Energy partitioning was studied in the larvae and early juveniles of two species of freshwater fish with different life styles, Coregonus lavaretus and Esox lucius, by measuring simultaneously the rates of feeding, oxygen consumption and growth in long-term experiments. Comparison between the two species is based on measurements at 15 °C, but a group of C. lavaretus was also monitored at 10 °C.

The intensity of routine oxygen consumption was mass-independent in the smallest larvae, but above about 10 mg wet body mass (m) it scaled with an allometry of m−0.103 in C. lavaretus and m−0.154 in E. lucius. Routine, minimum and maximum rates of metabolism were higher in C. lavaretus than in E. lucius, whereas the mass-specific rate induced by feeding showed a quite different and more complex relationship to species.

The mass-specific rate of growth scaled with m−0.133 (r=0.54) in C. lavaretus but with m−0.24 (r=0.90) in E. lucius.

Comparison of five experimental groups, differing from each other with respect to species, type of prey (Artemia nauplii orRutilus rutilus larvae), experimental temperature and body size, suggested a general pattern of energy partitioning, with 62±3.7% of metabolizable food energy being allocated to growth, and 38±3.7% to metabolic expenditures.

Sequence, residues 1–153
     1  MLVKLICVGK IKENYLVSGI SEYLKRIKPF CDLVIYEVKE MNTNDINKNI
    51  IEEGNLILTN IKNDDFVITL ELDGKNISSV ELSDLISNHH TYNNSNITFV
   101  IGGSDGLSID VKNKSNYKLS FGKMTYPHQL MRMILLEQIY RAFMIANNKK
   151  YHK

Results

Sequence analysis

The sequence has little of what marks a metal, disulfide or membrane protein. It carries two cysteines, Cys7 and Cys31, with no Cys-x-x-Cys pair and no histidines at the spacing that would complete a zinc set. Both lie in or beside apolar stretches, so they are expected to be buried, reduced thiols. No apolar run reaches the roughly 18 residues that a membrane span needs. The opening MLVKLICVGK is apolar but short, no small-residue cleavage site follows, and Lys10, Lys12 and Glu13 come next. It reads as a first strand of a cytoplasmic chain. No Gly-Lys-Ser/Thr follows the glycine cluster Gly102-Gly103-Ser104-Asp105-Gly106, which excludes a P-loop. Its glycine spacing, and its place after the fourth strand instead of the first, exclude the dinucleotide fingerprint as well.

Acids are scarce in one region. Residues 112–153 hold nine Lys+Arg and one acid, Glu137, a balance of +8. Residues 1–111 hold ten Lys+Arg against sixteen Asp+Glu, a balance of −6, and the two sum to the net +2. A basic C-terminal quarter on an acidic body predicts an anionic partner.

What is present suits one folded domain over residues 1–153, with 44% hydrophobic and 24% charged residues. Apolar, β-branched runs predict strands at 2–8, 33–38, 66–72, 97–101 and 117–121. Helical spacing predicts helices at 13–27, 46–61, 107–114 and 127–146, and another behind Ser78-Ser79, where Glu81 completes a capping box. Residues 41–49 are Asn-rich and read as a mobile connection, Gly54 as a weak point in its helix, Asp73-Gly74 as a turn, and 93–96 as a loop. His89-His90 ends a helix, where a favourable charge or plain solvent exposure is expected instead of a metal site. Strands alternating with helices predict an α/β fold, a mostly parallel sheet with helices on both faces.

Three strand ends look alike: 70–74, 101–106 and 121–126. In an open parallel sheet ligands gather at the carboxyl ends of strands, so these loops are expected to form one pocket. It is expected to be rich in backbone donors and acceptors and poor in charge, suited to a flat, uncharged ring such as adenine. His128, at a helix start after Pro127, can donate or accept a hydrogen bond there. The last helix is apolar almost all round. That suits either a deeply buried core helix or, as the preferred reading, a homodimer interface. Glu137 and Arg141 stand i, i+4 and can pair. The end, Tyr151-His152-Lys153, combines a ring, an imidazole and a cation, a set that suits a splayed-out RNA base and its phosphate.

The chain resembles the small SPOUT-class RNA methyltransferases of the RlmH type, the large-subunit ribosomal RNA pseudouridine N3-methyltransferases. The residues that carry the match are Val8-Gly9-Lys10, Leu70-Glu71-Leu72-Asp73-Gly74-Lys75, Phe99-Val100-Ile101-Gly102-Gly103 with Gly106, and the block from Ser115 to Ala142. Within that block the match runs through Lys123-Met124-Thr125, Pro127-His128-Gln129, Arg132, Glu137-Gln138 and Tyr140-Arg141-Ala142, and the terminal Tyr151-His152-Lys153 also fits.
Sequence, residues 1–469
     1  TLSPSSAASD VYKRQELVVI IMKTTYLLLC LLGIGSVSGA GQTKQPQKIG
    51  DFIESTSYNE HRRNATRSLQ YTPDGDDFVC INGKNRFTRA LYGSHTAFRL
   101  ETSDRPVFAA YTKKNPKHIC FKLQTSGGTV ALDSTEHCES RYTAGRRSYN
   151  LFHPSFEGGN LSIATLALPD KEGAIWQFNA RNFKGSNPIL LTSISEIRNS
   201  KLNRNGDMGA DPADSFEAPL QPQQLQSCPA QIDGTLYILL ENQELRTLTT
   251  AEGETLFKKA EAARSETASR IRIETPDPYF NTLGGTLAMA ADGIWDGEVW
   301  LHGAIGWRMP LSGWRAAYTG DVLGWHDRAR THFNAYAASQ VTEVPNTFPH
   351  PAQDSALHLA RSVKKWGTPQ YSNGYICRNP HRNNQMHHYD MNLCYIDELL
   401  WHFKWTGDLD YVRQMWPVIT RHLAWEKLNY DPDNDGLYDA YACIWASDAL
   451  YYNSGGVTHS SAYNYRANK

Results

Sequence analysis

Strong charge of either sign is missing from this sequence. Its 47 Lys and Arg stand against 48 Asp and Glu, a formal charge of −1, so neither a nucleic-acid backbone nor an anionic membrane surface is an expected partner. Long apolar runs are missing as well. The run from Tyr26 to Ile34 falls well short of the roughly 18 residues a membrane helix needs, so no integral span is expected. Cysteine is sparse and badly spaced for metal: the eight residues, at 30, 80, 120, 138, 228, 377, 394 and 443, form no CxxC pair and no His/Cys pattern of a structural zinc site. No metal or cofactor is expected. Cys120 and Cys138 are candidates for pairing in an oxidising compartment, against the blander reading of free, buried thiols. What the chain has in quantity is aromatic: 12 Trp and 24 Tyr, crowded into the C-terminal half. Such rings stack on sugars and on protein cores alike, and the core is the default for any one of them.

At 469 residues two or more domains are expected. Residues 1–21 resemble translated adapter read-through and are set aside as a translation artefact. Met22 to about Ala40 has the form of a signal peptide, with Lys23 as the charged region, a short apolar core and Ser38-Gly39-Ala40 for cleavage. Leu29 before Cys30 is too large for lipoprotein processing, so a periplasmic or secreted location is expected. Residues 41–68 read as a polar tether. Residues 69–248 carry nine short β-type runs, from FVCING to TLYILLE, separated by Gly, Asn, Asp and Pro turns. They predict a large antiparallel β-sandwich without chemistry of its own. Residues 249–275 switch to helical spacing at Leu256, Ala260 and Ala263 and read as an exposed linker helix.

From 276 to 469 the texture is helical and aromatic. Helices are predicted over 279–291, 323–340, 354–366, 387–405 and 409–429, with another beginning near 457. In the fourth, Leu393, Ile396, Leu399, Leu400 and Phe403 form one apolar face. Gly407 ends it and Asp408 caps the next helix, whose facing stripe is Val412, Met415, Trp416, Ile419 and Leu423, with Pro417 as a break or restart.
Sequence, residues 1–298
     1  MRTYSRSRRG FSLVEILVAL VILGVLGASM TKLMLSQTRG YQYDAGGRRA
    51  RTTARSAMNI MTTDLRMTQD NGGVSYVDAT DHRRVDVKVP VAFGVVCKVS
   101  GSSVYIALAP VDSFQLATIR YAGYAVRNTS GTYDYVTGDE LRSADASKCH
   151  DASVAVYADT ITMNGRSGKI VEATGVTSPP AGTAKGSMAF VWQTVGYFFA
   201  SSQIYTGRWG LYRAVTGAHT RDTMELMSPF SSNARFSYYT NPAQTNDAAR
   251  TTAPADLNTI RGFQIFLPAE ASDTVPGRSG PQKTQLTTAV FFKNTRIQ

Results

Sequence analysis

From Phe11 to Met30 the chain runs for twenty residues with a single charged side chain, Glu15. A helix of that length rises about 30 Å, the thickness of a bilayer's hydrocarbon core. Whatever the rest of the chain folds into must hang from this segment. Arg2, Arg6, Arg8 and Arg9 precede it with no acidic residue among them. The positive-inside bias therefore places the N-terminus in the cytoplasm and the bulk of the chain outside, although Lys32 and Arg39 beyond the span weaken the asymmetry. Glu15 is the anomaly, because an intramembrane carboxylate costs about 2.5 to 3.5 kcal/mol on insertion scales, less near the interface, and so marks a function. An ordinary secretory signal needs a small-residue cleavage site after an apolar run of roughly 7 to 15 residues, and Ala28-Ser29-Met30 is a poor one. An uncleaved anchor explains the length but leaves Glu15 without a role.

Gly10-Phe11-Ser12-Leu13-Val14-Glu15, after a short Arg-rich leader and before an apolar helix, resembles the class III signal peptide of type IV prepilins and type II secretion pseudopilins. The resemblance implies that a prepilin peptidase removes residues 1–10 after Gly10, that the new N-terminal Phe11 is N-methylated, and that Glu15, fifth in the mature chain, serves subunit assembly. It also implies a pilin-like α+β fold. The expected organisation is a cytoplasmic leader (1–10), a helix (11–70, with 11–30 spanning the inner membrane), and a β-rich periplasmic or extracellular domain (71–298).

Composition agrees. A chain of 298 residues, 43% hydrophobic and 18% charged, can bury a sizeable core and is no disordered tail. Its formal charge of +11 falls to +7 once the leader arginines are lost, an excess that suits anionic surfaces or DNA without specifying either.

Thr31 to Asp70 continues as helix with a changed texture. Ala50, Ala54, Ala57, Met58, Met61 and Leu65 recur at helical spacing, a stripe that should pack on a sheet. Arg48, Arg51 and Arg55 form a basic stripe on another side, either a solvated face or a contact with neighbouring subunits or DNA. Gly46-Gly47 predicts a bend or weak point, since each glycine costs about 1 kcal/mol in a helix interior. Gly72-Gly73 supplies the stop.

The relationship between metabolic rate and growth rate, expressed as the ‘yield ratio’, mg dry body mass μmoll−1O2, the inverse of the net cost of growth, proved to be nearly invariant in all experimental groups, namely 0.043 mg μmol−1. However, two experiments with the smallest pike larvae led to higher growth rates per metabolic expenditure, suggesting that in E. lucius oxygen consumption may reach an aerobic maximum for growth at a routine rate of about 200–220 μmol−1O2g−1 dry body mass h−1.

Gross costs of growth include mass-dependent maintenance expenditures. Expressed in mass-independent units, E. lucius was more efficient in converting food energy into growth than was C. lavaretus; its superiority in this respect ranged from 7 to 17 % depending on body mass and diet.

The results are discussed with regard to the question of whether in small poikilothermic metazoans the allocation of metabolic energy follows the rules of addition or compensation. Furthermore, growth performance of the fish larvae is compared with that of microorganisms on the basis of the ‘yield ATP’ concept.

This content is only available via PDF.